Monitor: The American press comments on Hillary Clinton's faltering campaign to run for the Senate next year
ALL THE NEWS OF THE WORL
Wednesday 24 November 1999
Polls weren't the only bad news last week for the First Lady. A Democratic representative from that bastion of liberalism, the Upper West Side, actually urged Mrs Clinton not to run. "She's the weakest candidate," Councilwoman Eldridge told the Associated Press. Citing "many problems", Ms Eldridge said there is dissatisfaction with what she calls Mrs Clinton's "very risky" candidacy. No comment from Mrs Clinton or her spokesman on that one. Meanwhile, New York State Democratic Chairwoman, Judith Hope, has been rumbling about the "incompatibility" between being First Lady and Senate candidate, suggesting "maybe Mrs Clinton has to give up her day job". It was on her "day job," of course, that she recently shocked the world when she failed to muster a reaction, any reaction, to a ranting Suha Arafat, wife of Yasser Arafat. Mrs Clinton could manage only a hug for Mrs Arafat, demonstrating that simply keeping one's mouth shut is not always a fail-safe barrier against the insertion of one's foot.
Hillary Clinton, who keeps tantalising her worshipful followers with the prospect that she might run for a US Senate seat in New York, is finding the road to elective office increasingly rockier. Following her attendance at a speech by Suha Arafat, wife of PLO leader Yasser Arafat, during which Mrs Arafat accused Israel of a deliberate campaign of mass murder against innocent women and children, claiming the Israelis were spiking their water and air, Hillary embraced Mrs Arafat. Hillary's response to the inflammatory rhetoric was that she was keeping silent in order to "save the peace process". What a wonderful phrase, how sanctimonious, how Clintonian. Never once did she repudiate Mrs Arafat's remarks. Her defenders quickly joined the damage control and spin-doctoring parade. No wonder Hillary is plummeting in New York polls as voters in that state are beginning to see her as a female version of her husband, always ready with excuses and disingenuous explanations whenever something goes awry. This latest pratfall reinforces the perception that her political sense is tone deaf.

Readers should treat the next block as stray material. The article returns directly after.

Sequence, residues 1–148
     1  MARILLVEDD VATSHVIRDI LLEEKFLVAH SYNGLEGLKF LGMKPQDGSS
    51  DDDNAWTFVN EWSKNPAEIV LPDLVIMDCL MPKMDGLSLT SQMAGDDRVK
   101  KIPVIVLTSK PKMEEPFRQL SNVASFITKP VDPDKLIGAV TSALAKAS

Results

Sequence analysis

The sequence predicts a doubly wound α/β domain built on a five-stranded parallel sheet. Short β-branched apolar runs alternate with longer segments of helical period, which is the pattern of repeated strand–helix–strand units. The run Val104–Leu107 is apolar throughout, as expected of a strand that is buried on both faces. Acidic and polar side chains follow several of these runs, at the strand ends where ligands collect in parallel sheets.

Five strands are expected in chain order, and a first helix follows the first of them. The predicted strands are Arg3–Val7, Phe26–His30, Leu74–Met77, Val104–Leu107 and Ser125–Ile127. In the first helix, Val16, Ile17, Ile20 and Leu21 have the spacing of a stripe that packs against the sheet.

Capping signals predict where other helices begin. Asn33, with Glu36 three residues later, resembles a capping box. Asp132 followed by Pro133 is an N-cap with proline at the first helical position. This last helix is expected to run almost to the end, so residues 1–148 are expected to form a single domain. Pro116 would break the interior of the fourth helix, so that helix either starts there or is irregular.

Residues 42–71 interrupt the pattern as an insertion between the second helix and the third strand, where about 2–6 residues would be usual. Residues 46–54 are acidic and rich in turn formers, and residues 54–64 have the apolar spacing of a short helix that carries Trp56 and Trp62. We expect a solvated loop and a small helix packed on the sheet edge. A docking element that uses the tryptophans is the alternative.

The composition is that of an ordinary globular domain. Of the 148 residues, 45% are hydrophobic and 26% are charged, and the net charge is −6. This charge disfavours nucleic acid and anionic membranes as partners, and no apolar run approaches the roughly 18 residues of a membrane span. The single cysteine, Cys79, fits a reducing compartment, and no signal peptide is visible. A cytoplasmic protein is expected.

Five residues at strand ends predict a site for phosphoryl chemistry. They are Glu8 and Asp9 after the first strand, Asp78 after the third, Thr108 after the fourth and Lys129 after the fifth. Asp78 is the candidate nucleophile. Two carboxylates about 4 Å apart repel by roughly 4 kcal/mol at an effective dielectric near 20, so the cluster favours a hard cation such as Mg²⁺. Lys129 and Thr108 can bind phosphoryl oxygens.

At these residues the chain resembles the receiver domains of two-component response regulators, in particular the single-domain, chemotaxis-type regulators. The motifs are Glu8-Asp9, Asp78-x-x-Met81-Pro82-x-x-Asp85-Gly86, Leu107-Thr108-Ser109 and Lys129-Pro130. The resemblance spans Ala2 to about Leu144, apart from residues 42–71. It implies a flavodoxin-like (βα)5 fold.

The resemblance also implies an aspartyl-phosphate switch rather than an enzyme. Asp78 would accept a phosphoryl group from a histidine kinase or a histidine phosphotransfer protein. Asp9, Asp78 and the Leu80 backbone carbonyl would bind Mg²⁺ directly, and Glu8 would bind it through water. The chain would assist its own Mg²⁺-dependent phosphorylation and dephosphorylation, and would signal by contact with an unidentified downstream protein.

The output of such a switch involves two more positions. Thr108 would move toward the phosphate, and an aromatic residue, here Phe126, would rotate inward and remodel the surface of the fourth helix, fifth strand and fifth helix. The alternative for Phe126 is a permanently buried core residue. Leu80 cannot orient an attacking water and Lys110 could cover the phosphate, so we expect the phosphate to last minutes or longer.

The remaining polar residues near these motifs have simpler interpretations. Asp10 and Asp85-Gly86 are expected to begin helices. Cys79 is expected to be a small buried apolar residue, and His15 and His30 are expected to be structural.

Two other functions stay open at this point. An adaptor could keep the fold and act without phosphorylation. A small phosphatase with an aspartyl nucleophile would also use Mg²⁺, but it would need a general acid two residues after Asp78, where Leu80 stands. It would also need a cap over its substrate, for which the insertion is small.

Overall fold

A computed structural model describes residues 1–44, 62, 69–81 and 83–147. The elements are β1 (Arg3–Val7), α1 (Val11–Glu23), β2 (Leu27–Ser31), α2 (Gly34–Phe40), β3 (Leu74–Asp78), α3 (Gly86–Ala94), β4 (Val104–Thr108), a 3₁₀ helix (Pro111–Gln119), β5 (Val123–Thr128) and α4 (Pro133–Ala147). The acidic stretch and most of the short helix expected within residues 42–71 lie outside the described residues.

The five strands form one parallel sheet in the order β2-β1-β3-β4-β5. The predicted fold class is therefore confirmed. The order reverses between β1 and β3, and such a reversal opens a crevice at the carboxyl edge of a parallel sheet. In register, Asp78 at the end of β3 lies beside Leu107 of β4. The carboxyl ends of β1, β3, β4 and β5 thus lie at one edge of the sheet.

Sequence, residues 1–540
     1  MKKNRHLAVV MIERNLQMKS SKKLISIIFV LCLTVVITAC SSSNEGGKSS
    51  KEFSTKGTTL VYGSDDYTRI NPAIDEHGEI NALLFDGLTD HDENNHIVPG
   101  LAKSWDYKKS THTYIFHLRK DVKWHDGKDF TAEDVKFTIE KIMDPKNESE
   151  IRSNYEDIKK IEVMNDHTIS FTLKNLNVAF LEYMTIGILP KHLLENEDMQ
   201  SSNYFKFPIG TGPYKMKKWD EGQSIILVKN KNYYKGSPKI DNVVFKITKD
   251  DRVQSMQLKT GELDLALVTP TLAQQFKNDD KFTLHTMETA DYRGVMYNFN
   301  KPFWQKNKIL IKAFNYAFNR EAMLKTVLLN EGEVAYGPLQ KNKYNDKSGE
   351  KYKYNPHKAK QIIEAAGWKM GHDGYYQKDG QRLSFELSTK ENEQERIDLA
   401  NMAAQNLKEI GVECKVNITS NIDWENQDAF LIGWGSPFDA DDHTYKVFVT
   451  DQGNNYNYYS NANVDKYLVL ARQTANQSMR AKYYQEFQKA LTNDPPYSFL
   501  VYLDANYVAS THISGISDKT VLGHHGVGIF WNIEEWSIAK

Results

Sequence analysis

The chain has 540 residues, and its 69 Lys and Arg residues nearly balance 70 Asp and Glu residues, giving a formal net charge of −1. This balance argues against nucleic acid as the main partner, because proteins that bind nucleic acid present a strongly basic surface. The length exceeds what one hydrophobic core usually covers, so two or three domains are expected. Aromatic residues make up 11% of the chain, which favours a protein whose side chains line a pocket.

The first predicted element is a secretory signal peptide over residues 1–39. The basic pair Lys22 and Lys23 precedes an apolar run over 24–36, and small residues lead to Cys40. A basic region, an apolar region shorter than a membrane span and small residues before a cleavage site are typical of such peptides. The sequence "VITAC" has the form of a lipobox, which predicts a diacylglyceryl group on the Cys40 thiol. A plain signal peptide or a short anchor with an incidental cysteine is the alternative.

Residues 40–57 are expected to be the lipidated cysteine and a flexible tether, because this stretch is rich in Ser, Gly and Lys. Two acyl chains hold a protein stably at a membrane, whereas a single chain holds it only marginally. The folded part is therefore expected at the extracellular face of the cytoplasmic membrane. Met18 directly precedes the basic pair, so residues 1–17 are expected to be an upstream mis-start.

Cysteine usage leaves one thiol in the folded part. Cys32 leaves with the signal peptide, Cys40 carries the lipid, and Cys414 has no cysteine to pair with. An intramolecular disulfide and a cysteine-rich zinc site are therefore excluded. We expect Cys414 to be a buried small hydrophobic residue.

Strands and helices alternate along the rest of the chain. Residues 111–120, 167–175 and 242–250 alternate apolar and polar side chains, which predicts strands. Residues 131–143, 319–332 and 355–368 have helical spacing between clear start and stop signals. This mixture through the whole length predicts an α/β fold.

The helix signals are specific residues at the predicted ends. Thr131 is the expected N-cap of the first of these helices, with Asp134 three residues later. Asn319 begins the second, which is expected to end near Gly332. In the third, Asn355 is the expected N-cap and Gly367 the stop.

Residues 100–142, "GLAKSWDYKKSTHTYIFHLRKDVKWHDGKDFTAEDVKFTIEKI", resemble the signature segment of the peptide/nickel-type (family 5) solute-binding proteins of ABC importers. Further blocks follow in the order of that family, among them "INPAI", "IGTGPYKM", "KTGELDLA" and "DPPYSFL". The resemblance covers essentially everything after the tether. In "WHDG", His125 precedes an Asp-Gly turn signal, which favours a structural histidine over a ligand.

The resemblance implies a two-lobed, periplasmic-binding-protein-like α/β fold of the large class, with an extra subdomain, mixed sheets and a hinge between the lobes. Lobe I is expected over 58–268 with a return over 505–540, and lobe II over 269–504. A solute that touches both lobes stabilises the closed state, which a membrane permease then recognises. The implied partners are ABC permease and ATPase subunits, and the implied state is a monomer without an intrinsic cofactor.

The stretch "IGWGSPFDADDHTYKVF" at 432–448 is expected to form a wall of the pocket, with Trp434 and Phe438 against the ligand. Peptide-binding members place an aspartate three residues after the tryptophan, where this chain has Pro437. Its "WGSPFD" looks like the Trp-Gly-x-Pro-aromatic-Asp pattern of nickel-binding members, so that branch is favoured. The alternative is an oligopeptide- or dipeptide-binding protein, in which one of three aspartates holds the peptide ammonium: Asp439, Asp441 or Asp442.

New York Daily News
Hillary Clinton has the political instincts of a turnip. Her Senate campaign has been slickly packaged, and she had a lot of people fooled, but then she and hubby tried to get cute. Bill Clinton is a master manipulator, but he and Hillary over-reached on their pardon plan for the FALN terrorists and ended up bungling everything like amateurs. For all the Clintonian blather about Hillary's burning passion for public service, the would- be Joan of Arkansas is simply on a power trip. (Quincy R Jackson)
Arizona Daily Star
It wasn't supposed to work this way. Hillary Clinton's national visibility as First Lady was expected to provide her pending New York Senate campaign with invaluable publicity that could not be matched by her Republican rival, a mere mayor of New York City. Her initial forays into the state were greeted with the adulation found most often these days only among youthful readers of Harry Potter. But Rudolph Giuliani is making more political points in his own day job thus far than Clinton has managed to do in hers. He is cleverly manipulating the task of running a big city by taking policy positions that appeal to identifiable groups of voters across the state. She, by contrast, has not yet mastered the correct balance between fulfilling her public responsibilities as the wife of a president and defending the interests of New York state. (Marianne Means)
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